Foster Care: Safety net often fails to protect children from dangers of foster care

The primary goal of the Department of Children and Families (DCF), the safety net that protects young children from abuse, neglect, and abandonment, is straightforward: “Safely stabilizing and preserving families; safely reunifying families; and safely creating new families.”  Most would agree that this is a worthwhile objective, but I, and many others who are involved with the Department of Children and Families, do not always believe that this goal is being met or supported. Throughout the past decade, there have been many instances when DCF has failed to check in on homes that had severe warning signs of abuse, resulting in unsafe living conditions, death, and sexual abuse brought upon by foster parents, adoptive parents, and biological parents or guardians.

In 2012, 432 Florida children died of abuse and neglect. In response to the deaths, a member of the State Child Abuse Death Review Committee stated, “It pains me that if the right people had been helping those families, a lot of the deaths could have been prevented.” Most recently, DCF has been under fire after a young Fitchburg boy went missing after a social worker and supervisor failed to follow visitation procedures while the family was being monitored by DCF.  Police now think the mother of 5-year-old Jeremiah Oliver, along with her boyfriend, kidnapped and murdered her son, whose body was recently discovered. This is only one of many disturbing instances in which the once thriving department has failed.

These types of occurrences make you shake your head and wonder how a government-run agency can place children back in their biological homes when there are extreme signs of abuse.  The DCF should be acting in the best interest of the child, which is not always family reunification. A drastic change in policies, procedures and red tape needs to occur in order to save the lives of the 397,000 children in United States foster care today.


Definitive decisions need to be made by the DCF and by judges who are responsible for interpreting these important laws.  If there is even a hint of suspicion, action should be taken to remove the child from the home immediately. That being said, if a child is removed from his or her home, he or she should not be lingering in the system for years. Most often, children in the foster care system relocate to over eight different foster homes until they age out of the system at 18, creating uneasiness, confusion, anger, and depression. Children should be placed in a permanent and healthy foster home in order for them to continue to thrive.  Speaking from first hand experience, you will not find a happy, blonde, blue-eyed child in a foster home.  I have witnessed children with attachment disorders, post-traumatic stress disorders, drug addictions, and physical abuse.  These children need not only a roof above their heads, but an advocate and protector to follow through with the services that they so require and deserve.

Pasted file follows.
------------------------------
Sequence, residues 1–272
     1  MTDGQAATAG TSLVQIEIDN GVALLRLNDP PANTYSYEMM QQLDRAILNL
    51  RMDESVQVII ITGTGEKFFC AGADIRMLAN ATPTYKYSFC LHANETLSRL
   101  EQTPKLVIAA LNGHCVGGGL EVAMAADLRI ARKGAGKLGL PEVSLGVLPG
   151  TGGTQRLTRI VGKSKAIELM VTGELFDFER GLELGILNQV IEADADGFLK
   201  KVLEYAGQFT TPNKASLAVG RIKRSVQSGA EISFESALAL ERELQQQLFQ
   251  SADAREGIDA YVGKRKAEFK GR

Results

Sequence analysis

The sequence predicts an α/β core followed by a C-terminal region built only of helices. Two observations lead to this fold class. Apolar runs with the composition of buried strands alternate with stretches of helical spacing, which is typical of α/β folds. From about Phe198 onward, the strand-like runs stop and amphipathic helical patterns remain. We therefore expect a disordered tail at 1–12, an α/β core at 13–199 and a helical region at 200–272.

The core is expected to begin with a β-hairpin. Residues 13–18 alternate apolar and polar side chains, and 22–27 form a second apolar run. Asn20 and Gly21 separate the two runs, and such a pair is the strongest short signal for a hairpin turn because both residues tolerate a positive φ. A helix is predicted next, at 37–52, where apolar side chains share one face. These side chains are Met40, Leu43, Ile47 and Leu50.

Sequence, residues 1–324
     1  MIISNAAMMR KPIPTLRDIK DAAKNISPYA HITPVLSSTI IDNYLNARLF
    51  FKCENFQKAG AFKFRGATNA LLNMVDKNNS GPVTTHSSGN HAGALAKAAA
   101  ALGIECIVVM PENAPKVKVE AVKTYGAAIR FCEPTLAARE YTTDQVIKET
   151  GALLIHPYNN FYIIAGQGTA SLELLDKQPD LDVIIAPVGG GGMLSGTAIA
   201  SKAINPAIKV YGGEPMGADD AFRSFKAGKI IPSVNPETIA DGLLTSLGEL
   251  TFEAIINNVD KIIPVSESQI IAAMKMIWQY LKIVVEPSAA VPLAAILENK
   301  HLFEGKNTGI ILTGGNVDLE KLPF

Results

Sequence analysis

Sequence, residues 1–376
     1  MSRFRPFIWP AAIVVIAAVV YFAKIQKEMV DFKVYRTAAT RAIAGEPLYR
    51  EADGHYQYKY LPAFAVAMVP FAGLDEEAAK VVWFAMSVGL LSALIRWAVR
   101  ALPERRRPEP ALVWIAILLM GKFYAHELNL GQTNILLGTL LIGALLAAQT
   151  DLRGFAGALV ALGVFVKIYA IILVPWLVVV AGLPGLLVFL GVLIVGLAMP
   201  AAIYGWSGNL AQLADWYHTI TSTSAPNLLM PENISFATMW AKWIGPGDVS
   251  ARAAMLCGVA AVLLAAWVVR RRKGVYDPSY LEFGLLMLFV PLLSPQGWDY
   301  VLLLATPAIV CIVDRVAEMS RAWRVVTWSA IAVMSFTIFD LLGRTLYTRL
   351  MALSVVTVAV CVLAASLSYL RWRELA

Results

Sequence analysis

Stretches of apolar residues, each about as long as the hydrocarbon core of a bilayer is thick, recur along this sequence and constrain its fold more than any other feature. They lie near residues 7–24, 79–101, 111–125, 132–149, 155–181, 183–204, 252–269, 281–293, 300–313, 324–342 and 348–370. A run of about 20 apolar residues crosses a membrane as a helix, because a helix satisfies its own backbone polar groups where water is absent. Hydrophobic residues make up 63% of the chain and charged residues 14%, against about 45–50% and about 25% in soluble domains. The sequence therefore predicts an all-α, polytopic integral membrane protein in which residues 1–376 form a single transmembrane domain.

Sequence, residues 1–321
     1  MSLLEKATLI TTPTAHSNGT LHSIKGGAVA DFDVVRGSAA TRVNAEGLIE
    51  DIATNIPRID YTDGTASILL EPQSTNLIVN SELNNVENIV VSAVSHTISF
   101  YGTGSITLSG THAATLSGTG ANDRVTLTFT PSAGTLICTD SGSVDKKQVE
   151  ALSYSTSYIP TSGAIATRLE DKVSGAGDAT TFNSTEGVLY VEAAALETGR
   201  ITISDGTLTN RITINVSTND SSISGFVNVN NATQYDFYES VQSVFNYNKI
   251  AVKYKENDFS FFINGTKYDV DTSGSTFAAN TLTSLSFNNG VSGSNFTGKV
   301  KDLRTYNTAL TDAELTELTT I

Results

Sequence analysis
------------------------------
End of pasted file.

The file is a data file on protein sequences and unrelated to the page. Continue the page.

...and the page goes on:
Current Massachusetts State Auditor Suzanne Bump says that investigators found 25 cases in which the addresses of many Massachusetts foster homes, adoptive homes, and others involved with the Department of Children and Families matched those of Level 2 and Level 3 sex offenders.  This is an extremely high-risk placement that is dangerous for all children involved.  Though DCF claims there were no reports of any abuse, this remains completely unacceptable.  The pure carelessness and negligence shown by those in DCF when addressing the living conditions and situations for thousands of these children is a major issue.  Scheduled monthly home checks should be in place for families and homes that the DCF believes to be dangerous for children.

For those of us who are fortunate enough to be living in a safe, healthy environment that allows us to thrive in all that we do, we cannot simply shrug our shoulders over the fate of those who are not as lucky.


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